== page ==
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Route Map: Port Side to Portsmouth

The ride began the same way many good motorcycle rides do: with a delicious, hearty American breakfast. I met up with Rob and his buddy at Port Side Café II and Catering on U.S. 23 near Lockbourne, Ohio. After a western omelet, home fries, and toast, the three of us started riding south on U.S. 23 and turned right onto SR 762 west. We rode for a couple miles until we reached SR 104 and turned left to head south toward Portsmouth. 

We stayed on SR 104 until we reached Chillicothe, Ohio, where we turned onto East Main Street (signed U.S. 50) and then got on the U.S. 23 expressway. We followed U.S. 23 (which SR 104 duplexes with just south of Chillicothe) to Waverly, Ohio, where we stopped for gas and water. SR 104 splits off from U.S. 23 in Waverly and we followed the SR 104 alignment from Waverly to where it duplexes with SR 73. From there we followed SR 73/SR 104 into Portsmouth. The Portsmouth Motorcycle Club’s clubhouse is located on Front Street. It looks out on the Ohio River and is one block south from where the SR 73/SR 104 bridge over the Scioto River connects with Portsmouth’s downtown.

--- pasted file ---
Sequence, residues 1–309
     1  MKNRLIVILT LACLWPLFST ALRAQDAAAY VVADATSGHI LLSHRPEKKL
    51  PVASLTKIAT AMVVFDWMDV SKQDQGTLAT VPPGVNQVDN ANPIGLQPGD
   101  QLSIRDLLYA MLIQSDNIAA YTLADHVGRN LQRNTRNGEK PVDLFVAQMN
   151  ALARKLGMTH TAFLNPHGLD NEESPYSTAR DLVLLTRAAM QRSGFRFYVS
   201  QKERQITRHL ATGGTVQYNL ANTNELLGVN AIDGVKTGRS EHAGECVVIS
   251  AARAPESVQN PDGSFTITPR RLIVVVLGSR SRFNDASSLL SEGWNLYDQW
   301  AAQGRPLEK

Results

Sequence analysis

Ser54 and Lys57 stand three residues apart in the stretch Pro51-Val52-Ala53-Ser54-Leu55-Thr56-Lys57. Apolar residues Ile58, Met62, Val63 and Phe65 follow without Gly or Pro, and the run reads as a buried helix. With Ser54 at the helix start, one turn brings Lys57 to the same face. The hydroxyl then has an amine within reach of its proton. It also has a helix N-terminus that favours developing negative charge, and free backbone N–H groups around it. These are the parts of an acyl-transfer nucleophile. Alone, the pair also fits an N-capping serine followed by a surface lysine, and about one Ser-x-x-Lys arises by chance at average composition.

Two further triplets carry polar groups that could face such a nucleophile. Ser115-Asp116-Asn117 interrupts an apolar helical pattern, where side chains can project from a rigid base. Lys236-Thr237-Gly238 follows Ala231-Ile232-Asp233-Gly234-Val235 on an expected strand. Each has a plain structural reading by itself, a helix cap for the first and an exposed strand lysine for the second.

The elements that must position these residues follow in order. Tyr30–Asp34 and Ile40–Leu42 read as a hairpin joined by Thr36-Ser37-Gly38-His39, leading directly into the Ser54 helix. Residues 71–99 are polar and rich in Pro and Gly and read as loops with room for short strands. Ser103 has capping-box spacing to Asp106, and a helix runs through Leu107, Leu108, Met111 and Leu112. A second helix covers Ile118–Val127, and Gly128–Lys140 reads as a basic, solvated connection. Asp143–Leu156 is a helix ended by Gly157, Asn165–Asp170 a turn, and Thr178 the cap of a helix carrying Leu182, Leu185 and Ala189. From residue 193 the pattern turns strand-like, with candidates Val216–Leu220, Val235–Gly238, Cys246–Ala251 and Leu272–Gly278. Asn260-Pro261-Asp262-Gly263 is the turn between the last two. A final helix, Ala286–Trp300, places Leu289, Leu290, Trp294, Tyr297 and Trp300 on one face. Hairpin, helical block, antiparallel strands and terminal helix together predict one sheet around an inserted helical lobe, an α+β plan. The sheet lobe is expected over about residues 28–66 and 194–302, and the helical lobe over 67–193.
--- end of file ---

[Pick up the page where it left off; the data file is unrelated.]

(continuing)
For the return trip to Columbus I decided to take U.S. 23 to compare the routes back-to-back. 



The ride featured sunny skies and hot conditions on the way to Portsmouth, as well as on the way back to Columbus. Temperatures were probably in the high 80s or low 90s with moderately high humidity in the afternoon. I was sweating pretty good when I was stuck at red light after red light in downtown Portsmouth on the way home.



I was not expecting SR 104 to be any better to ride than U.S. 23 considering both routes mostly follow the relatively flat Scioto River valley. I was pleasantly surprised by SR 104’s undulations, scenic views, and ties to Ohio transportation history.